Images from Titan indicate liquid, ice

Scientists view radar data captured by spacecraft passing moon of Saturn

October 29, 2004|By John Johnson | John Johnson,LOS ANGELES TIMES

PASADENA, Calif. - The first radar images of Saturn's smoggy moon Titan show what appears to be a large lake, rolling ridges and lava-like flows of ice or ammonia, researchers at the Jet Propulsion Laboratory here said yesterday.

The images from the Cassini spacecraft provide the best evidence yet that liquid lakes, or even seas, exist on Titan's surface, team members said.

The potential lake was christened "Si-Si the Halloween Cat" in honor of a scientist's daughter who first recognized the feline resemblance in its shape.

The putative lake appeared as a blackened-out area about the size of Lake Tahoe on the radar image.

The Cassini team urged caution in interpreting the findings because the black-and-white radar image covered only 1 percent of the moon's surface, a swath of land roughly 75 miles wide and 1,250 miles long.

Over the next four years, Cassini is scheduled to make 44 more close passes of Titan, which scientists said should provide a much clearer picture of the solar system's second-largest moon.

Organic material

On the basis of data received from the first close pass Tuesday, some space scientists said the frozen moon could turn out to be the strangest place in the solar system.

Not only does it likely possess methane lakes and water ice, but the surface appears to be heavily carpeted in organic material, such as ethane, propane and acetylene. Those compounds had already been observed high in the moon's atmosphere.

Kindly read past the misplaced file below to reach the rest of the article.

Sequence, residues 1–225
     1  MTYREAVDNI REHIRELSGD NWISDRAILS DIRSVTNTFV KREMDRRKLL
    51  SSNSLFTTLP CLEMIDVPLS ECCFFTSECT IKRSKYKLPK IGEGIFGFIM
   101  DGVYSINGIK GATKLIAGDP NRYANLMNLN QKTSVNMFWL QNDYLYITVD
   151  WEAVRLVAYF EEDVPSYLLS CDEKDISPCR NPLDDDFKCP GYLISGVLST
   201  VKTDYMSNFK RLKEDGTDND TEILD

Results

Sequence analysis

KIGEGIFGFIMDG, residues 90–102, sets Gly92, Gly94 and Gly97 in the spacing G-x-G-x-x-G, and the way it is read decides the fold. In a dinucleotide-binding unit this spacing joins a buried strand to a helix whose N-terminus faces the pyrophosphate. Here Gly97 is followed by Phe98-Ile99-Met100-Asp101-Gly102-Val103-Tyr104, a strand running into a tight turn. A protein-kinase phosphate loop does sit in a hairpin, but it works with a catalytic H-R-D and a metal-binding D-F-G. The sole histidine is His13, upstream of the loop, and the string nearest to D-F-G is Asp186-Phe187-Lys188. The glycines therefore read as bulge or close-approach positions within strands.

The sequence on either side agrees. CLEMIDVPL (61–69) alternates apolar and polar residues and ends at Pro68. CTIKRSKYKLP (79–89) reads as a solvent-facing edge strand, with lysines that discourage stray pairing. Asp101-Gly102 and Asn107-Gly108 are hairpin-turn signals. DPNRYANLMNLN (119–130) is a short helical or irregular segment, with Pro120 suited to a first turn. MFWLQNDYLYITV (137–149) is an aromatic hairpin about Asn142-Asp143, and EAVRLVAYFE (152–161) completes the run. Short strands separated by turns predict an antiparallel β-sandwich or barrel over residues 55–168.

Researchers speculate that the surface might be the consistency of powder, flakes or even sticky, plastic-like substances.

"Titan is an extremely dynamic and active place," said Jonathan Lunine, a Cassini scientist from the University of Arizona.

Although it is too cold for life, with temperatures as low as minus 290 degrees Fahrenheit, Titan appears to be a massive organic chemistry laboratory in which carbon-based substances could be endlessly combining and recombining into a wide variety of molecules.

"Titan is really covered in organics," said Ralph Lorenz, a member of the radar imaging team.

Cassini's radar also produced streaky images that scientists said could be ice ridges. Other images resembled lava-like flows. They couldn't be from an erupting volcano, however, because Titan's interior isn't hot enough to melt rock.

Flat, lacking craters

The landscape surveyed in the close approach was definitely flat, scientists said, with variations in elevation of little more than 150 feet.

No craters were detected, though such a large moon would have been struck by asteroids many times in its history.

Although its atmosphere is much denser than Earth's, Titan is far less massive, being composed of equal proportions of water ice and rock. The flows on Titan are probably liquid water and possibly ammonia, Lunine said.

Lunine speculated that the ridges were the result of the very thin surface cracking open under pressure.

Scientists hope to learn more when Cassini sends its Huygens probe to the surface in January.

If it survives the landing, Huygens is designed to analyze the atmosphere, as well as the surface, possibly answering questions as to whether Titan has a gloppy, sticky, powdery or rocky surface. Or all of the above.

The $3.2 billion mission is a collaboration among the National Aeronautics and Space Administration, the European Space Agency and the Italian Space Agency.

The Los Angeles Times is a Tribune Publishing newspaper. The New York Times contributed to this article.

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